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PHOTOGRAMMETRY DRAWINGS


Drawing-based works created using a highly technical, involved process based on photogrammetry.

Photogrammetry is used to generate 3D models of physical objects from photographs – images of the object are taken from multiple angles, which are then stitched together in software by estimating the coordinates of overlapping points. Originally developed as military mapping technology, it now has applications in a number of disciplines – for example, recording artifacts for archaeology, and building environments for video games. The process depends on principles of computer vision that are easily confused by ambiguity in the source photographs, such as unusual reflections. The initial models produced by this technique usually require manual post-processing to be made useful, as they are almost always “glitched” to some degree – the model appears disintegrated, or conversely, the model is occluded by involuntary forms. The errors made by the software can be viewed not as mistakes, but as honest observations of the eye of computer vision – an eye that is sensitive to different stimuli than the human eye, perceiving forms that do not correspond to our version of reality.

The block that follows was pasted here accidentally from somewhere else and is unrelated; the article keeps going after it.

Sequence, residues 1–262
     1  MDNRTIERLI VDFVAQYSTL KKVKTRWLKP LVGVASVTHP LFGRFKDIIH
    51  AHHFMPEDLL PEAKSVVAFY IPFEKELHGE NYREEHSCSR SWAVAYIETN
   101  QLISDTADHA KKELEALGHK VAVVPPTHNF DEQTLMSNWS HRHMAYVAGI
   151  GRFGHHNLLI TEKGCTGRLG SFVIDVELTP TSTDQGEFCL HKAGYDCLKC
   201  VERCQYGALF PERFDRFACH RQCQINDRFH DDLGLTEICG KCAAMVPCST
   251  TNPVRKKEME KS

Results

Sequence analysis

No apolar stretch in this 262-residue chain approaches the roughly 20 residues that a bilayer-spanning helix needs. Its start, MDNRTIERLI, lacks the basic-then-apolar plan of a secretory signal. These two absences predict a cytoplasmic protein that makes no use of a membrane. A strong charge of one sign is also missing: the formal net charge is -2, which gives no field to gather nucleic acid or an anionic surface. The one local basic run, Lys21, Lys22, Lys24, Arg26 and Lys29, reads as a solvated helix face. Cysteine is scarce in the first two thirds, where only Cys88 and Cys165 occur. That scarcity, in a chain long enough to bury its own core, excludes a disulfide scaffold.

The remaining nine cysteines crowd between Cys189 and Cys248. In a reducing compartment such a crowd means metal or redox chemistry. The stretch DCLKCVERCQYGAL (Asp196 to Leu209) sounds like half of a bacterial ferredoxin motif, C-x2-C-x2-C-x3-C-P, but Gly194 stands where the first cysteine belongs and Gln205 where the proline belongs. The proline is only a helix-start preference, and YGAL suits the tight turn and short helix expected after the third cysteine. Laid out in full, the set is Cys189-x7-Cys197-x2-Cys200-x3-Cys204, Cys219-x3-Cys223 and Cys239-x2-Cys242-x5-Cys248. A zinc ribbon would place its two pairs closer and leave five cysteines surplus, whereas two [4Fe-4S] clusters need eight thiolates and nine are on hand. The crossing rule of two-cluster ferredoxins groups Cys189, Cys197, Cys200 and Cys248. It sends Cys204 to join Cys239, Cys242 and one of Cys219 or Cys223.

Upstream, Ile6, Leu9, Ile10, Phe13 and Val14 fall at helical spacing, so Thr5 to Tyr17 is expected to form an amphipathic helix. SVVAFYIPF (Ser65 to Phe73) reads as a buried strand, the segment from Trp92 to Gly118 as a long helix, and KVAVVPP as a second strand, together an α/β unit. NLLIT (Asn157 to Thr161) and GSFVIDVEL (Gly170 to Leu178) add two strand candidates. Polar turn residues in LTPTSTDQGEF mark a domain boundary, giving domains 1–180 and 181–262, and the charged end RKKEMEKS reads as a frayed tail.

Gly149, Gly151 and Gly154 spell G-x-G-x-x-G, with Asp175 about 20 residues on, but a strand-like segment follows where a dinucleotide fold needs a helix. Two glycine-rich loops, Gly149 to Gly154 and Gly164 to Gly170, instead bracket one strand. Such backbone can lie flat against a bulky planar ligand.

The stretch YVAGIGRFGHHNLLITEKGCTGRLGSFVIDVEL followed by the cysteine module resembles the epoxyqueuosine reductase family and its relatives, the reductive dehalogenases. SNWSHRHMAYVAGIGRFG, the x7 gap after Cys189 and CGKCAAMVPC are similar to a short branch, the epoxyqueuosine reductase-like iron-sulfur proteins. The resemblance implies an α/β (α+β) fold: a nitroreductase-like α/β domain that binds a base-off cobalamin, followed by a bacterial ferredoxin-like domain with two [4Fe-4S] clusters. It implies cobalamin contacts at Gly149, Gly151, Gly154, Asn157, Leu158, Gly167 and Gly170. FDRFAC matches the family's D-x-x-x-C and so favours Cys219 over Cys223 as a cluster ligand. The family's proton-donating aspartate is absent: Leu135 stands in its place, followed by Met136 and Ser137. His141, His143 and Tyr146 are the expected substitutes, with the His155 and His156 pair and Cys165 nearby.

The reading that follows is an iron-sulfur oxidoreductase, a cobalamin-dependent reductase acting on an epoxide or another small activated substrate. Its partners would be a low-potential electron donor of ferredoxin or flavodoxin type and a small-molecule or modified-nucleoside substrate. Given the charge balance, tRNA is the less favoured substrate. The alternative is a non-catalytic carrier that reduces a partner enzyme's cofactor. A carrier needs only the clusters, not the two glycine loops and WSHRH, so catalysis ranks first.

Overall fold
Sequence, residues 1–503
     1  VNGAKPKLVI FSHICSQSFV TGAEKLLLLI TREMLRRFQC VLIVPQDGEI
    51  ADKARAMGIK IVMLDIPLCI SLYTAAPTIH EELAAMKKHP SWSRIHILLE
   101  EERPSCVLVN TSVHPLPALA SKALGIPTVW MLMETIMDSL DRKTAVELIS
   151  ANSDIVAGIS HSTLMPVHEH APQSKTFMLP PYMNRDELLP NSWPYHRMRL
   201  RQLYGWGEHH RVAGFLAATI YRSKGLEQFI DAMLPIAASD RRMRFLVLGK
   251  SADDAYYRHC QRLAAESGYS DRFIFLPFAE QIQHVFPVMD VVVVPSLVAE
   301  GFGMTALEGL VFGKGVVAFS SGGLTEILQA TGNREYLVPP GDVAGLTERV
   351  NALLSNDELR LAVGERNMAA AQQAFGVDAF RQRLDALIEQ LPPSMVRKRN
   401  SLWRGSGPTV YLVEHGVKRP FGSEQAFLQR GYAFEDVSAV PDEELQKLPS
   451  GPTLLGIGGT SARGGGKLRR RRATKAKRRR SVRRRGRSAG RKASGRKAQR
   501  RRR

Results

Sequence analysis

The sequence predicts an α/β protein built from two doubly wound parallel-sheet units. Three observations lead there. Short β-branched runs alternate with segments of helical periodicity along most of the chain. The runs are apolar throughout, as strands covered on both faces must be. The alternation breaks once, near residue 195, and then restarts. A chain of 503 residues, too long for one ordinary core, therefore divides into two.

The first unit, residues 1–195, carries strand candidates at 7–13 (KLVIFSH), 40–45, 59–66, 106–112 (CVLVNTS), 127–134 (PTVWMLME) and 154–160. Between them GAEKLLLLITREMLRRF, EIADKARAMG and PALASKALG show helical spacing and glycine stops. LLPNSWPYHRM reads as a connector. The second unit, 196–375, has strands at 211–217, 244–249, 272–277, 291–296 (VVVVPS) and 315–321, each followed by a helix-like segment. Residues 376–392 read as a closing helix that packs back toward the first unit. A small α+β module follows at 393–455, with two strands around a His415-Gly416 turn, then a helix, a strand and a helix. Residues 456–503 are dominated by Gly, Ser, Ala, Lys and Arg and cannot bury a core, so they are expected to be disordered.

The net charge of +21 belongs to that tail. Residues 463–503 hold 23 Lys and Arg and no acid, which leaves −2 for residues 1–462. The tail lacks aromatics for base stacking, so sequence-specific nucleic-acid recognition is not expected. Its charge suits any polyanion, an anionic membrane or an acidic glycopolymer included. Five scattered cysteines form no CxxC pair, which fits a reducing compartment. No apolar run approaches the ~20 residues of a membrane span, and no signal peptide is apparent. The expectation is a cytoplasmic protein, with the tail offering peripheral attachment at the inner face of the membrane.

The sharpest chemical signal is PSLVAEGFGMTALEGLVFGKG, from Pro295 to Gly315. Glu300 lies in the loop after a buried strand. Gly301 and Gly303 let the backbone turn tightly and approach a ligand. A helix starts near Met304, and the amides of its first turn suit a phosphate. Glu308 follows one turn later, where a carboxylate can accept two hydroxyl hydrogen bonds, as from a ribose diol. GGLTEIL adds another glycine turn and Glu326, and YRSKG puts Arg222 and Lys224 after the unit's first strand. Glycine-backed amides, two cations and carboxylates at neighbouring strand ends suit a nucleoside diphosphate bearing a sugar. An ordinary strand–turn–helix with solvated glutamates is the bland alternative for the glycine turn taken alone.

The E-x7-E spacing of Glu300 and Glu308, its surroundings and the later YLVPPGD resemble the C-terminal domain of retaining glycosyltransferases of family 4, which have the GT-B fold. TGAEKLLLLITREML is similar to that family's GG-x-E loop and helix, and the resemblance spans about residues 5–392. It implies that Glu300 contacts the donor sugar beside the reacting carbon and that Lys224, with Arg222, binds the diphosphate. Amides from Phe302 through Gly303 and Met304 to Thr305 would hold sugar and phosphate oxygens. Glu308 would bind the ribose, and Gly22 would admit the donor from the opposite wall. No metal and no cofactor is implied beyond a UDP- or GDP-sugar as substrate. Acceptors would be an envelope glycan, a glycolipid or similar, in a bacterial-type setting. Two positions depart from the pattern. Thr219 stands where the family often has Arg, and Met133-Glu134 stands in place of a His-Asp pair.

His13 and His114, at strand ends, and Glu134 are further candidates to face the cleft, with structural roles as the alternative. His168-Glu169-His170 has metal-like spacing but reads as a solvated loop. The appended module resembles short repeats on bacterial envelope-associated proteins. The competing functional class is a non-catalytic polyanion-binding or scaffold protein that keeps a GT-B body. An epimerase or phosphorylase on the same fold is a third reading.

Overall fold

In an ongoing investigation, I have been applying photogrammetry to create drawings of plants, while embracing the software’s tendency to glitch. The works themselves are 2D projections of a 3D mesh, which are then drawn on paper using a computerized pen plotter. I have also been experimenting with incorporating the cyanotype photographic printing process into these works.

I am approaching this process as a digital analogue to traditional observational drawing, with particular reference to the intensity of observation practiced in botanical illustration, wherein the human eye, mind, and hand must integrate to convert a 3D physical object into a 2D representation. Photogrammetry is a reflection of this – the software extracts and interprets data from multiple 2D photographs of an object to generate a 3D model, the mesh of which can then be projected back into two dimensions and drawn.

 



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